Monday, August 29, 2005

Dialogue of the deaf

One of our readers has already drawn attention to the Danny Kruger piece in the our forum, published earlier today in The Daily Telegraph.

The particular section that excited attention was Kruger's commentary of the Tory leadership election and his assertion efforts were being made to concentrate the selection of the party leader in the hands of the MPs, and the selection of MPs (i.e. candidates) in the hands of the leader (i.e. Central Office).

The wider Tory demos is being bypassed, he writes, in favour of a small group of powerful men. Last week, he adds, the 1922 Executive called a meeting of MPs to discuss these changes, as is required by the party rules, for the Friday afternoon of a bank holiday weekend during recess: unsurprisingly, barely anyone showed up, which was the intention.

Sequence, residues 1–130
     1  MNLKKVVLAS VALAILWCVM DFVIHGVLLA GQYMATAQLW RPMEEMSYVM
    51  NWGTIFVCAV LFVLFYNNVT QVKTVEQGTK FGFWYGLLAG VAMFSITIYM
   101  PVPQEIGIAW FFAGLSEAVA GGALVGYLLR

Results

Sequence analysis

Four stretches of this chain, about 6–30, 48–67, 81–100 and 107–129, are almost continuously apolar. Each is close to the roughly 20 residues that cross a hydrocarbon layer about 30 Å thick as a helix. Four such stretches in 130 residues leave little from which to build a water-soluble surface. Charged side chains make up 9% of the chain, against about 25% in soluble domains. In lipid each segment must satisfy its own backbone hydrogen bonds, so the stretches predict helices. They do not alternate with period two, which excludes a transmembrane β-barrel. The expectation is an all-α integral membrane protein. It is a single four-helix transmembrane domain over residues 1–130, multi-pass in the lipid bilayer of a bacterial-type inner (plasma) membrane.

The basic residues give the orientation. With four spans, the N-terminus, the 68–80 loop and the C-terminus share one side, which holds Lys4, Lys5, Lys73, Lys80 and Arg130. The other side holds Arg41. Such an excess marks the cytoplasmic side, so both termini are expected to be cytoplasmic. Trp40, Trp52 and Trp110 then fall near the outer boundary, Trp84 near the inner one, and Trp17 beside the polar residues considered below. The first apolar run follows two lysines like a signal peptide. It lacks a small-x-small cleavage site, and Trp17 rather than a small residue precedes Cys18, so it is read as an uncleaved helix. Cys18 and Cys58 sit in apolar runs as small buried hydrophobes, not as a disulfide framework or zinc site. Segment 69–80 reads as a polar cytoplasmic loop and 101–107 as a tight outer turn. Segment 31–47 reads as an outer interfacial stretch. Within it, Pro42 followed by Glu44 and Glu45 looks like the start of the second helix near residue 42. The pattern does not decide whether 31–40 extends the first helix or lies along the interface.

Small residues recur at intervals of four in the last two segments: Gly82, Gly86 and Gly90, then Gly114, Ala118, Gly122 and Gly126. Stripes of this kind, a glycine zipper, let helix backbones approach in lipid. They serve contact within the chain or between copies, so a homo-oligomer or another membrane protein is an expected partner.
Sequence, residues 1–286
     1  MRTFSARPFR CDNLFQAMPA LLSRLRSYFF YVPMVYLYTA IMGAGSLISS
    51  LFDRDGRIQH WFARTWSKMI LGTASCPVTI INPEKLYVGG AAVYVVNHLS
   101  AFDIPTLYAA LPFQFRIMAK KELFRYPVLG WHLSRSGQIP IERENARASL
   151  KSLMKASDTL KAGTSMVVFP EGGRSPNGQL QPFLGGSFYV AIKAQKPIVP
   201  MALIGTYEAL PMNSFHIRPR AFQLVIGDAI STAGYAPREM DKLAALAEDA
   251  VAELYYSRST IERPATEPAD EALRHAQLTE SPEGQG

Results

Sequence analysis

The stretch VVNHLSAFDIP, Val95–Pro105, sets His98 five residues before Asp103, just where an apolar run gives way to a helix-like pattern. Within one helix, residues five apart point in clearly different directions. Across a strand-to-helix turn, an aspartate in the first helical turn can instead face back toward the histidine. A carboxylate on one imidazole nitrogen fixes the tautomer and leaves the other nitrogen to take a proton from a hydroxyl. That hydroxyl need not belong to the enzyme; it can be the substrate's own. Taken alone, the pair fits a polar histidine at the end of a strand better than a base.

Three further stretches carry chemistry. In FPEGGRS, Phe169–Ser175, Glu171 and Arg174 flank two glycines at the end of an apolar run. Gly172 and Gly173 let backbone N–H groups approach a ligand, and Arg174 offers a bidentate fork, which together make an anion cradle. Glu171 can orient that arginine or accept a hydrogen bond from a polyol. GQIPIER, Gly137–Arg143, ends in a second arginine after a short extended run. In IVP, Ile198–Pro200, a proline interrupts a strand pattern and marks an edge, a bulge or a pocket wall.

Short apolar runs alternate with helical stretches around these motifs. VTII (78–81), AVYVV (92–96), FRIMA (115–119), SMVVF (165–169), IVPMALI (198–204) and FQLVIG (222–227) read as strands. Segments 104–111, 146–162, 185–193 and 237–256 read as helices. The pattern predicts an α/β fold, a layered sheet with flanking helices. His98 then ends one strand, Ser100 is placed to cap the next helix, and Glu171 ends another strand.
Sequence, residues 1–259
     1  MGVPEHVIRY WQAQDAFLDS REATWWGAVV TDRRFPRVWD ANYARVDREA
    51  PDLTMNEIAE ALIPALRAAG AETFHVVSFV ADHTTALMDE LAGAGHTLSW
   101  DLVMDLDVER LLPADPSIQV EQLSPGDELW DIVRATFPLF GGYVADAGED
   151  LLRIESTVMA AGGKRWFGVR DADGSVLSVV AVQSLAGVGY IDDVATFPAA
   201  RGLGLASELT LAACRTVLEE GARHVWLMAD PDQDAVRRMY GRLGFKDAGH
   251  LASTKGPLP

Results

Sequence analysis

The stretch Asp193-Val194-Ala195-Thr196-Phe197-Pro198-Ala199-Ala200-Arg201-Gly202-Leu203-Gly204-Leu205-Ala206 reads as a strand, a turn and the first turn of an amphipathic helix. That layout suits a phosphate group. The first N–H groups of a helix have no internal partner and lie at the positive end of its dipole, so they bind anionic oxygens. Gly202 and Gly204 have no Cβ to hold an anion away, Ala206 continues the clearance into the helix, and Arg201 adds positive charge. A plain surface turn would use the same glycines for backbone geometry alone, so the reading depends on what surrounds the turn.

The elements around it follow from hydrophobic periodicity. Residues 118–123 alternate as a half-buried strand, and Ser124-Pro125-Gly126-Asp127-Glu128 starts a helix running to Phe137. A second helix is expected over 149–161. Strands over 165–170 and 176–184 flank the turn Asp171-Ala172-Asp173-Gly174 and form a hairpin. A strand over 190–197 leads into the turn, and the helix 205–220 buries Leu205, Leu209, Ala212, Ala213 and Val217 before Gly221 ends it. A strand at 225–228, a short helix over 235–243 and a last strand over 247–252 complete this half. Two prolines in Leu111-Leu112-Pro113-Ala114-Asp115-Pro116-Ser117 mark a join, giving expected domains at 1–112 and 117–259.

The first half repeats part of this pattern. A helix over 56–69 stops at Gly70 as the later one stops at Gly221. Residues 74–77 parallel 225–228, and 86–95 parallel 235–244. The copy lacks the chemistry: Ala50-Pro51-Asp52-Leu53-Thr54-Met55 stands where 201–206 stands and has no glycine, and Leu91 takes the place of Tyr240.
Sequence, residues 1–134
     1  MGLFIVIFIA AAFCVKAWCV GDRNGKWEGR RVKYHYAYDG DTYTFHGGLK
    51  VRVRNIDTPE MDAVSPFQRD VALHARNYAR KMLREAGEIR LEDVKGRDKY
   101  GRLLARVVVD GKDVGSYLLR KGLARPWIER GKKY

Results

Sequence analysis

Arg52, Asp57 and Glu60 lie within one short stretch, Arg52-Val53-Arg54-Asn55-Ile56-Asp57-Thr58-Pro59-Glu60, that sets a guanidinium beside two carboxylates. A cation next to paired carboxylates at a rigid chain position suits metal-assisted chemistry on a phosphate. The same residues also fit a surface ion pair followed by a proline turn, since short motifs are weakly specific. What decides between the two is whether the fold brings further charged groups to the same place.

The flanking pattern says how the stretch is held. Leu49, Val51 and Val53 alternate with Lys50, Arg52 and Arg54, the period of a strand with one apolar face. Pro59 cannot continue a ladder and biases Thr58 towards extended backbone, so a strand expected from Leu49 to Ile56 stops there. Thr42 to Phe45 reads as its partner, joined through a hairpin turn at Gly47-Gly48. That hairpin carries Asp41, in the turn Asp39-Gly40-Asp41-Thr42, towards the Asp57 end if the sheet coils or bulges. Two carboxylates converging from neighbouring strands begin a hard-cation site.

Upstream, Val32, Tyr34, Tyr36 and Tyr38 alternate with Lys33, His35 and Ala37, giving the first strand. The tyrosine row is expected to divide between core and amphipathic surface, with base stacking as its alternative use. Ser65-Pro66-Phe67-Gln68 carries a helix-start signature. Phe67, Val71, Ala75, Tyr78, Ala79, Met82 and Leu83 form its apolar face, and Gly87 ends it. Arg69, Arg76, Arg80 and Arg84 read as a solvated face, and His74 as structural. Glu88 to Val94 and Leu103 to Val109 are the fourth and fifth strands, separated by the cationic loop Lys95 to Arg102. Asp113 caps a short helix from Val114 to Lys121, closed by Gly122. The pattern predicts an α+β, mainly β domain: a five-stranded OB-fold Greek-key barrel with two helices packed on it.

Actually, the situation is even more bizarre. MPs were actually notified of the meeting by letters sent second class on Wednesday, sent to their office addresses in Westminster. There was no way that MPs were intended even to know of the meeting.

What all this reflects is an absolute conviction in the Westminster bubble that the constituency parties are out of touch with the electorate and must be marginalised. It is not so much that the MPs are not listening. They simply do not accept what they are being told.

And that is the rub. It does not matter what we tell them. The MPs have their own ideas and intend to get their way. This is the dialogue of the deaf.


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